Territory Stories

Debates and Questions Day 2 - 8 May 2019



Debates and Questions Day 2 - 8 May 2019

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Parliamentary Record 19


Debates and Questions for 13th Assembly 2019 - 2020; ParliamentNT; Parliamentary Record; 13th Assembly 2016 - 2020




Made available by the Legislative Assembly of the Northern Territory




Debates; Questions

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Legislative Assembly of the Northern Territory

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Attribution International 4.0 (CC BY 4.0)

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Legislative Assembly of the Northern Territory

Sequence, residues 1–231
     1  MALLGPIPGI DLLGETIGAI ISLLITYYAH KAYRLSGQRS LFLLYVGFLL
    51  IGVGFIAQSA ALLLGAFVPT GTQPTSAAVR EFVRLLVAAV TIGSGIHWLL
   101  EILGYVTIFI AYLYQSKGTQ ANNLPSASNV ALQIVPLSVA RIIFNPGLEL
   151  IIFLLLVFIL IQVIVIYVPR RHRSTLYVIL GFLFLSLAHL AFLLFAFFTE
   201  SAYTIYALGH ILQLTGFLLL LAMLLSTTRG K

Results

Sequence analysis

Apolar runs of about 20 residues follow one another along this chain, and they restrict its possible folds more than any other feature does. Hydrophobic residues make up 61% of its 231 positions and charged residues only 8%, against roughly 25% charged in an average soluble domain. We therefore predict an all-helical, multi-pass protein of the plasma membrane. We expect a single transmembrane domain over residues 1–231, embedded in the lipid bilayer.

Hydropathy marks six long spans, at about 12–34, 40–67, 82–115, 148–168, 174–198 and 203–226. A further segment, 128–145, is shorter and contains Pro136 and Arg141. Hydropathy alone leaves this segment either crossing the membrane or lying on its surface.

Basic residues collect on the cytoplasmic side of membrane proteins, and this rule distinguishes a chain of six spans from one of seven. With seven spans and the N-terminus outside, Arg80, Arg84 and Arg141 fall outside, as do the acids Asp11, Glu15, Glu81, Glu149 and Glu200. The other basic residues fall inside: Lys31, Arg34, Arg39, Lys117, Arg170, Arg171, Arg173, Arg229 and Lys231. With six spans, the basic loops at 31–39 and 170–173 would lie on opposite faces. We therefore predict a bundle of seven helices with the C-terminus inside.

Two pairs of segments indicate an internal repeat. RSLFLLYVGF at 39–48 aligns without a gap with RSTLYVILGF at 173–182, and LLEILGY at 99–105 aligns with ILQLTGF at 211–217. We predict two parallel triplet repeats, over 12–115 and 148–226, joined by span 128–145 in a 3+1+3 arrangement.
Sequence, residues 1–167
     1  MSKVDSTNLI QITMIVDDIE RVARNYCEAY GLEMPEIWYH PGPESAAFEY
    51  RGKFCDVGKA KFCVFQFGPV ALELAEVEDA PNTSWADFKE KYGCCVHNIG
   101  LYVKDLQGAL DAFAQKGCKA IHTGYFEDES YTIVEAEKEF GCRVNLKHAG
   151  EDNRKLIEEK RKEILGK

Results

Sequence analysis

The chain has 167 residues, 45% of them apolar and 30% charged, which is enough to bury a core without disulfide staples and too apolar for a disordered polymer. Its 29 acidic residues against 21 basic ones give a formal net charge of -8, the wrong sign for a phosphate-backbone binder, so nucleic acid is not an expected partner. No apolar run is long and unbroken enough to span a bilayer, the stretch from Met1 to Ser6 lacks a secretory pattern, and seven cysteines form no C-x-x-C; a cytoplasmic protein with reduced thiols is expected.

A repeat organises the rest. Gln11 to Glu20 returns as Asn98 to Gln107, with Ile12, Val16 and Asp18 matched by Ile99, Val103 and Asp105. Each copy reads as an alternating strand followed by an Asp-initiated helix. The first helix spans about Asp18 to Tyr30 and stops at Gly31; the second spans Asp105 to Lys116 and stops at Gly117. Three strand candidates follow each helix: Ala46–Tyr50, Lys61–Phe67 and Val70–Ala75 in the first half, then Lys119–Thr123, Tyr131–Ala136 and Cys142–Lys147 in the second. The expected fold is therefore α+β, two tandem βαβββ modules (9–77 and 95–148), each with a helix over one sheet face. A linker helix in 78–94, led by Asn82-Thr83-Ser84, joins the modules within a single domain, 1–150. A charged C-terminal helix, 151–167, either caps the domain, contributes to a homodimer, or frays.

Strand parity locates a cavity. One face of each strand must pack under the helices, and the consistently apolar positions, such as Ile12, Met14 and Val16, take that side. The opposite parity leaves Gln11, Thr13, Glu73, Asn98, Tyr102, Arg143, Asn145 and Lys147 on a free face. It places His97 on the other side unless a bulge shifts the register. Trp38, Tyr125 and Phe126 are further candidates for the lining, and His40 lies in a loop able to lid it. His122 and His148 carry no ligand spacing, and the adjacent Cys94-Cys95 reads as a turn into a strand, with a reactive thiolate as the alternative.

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DEBATES AND QUESTIONS Wednesday 8 May 2019 6088 The department also supports the delivery of engagement of programs targeted at middle and senior studentsgirls and boys programs. This includes the Clontarf Academy for boys and the STARS Academy and Role Models and Leaders programs for our young women. Community-led schools and LEaD committees represent the education component of our commitment to local decision making in schools. That goes to the heart of the Member for Nhulunbuys motion, schools and communities making the best decisions for young people. This was a key commitment when we came to government in 2016, and we are working to achieve it. We are already seeing results. We are working with seven schools this year that want to become community-led schools. We are working with another 40 communities across the Northern Territory to build capacity and engagement and governance to support them in their goals to become community-led schools. Mr Costa: Delivering for the bush. Ms UIBO: Delivering for the bush. Thank you, Member for Arafura. I know you are very passionate about your electorate. Community-led schools is an election promise being implemented in conjunction with the establishment of Local Engagement and Decision Making, LEaD, committees in remote schools across in the NT. Local decision-making in community-led schools engages the broad spectrum of school councils, school boards and local advisory groups in communities that represent the interests of communities and families. We are working collaboratively with our schools, families, community, industry partners, and local businesses and organisations to reach agreement on education delivery in each remote community. Where communities want to grow and develop their leadership and their schools want to become communityled schools, we have engaged NT COGSO to strengthen governance arrangements and include the delivery of capacity building for community members to actively participate in decision-making. This year the department will work with the seven schools I mentioned, including Gunbalanya, Yirrkala and Yirrkala Homelands, Lajamanu, Willowra, Nyirrpi and Yuendumu. These schools have identified a desire and capability to become community-led schools. I think this is fantastic. I have the fortune and privilege to visit the majority of those schools. There are other schools that I have not visited yet, but I look forward to talking with them about their community-led schools initiatives. Additionally, the department will work with 40 other schools to engage in LEaD committees and pursue what is best for their communities, schools and the education that is delivered in those communities. School councils and boards are incorporated bodies. Under Part 6 of the Education Act, school councils and boards have a range of functions and powers that have not been fully utilised by some schools, particularly some of our more remote schools. We are looking to improve and strengthen that. We are working to improve student outcomes across the Territory. We want to work with families to make sure children are going to school every day. Where there are barriers to attendance, we will support families to overcome them where possible. We want to work with schools to grow strong local decision-making bodies so that their parents and caregivers, who are local community members, are directly making the decisions that will most impact their children. The Member for Nhulunbuy mentioned some points that I will address in speaking to the motion. I quote from the members speech that schools are foreign. In terms of the placement of school in the Western system, that could be a strong viewpoint. In terms of schools being a place of learning, I disagree. I believe that Aboriginal and Torres Strait Islander people are from the oldest-living continuous culture in the world. Learning is part of our culture. It needs further support. I understand the Member for Nhulunbuys passion. We talk about walking strongly both wayswe need to support our communities to do that with children in remote Aboriginal schools and communities. The Member for Nhulunbuy mentioned business enterprise and secondary pathways. I think this is a key part of where we are starting to get great outcomes with secondary provisions cross the NT. The training and opportunities that we can get in some of our remote and small communitiesit is essential that we build partnerships with trainers, providers, businesses and corporations to provide opportunities for employment

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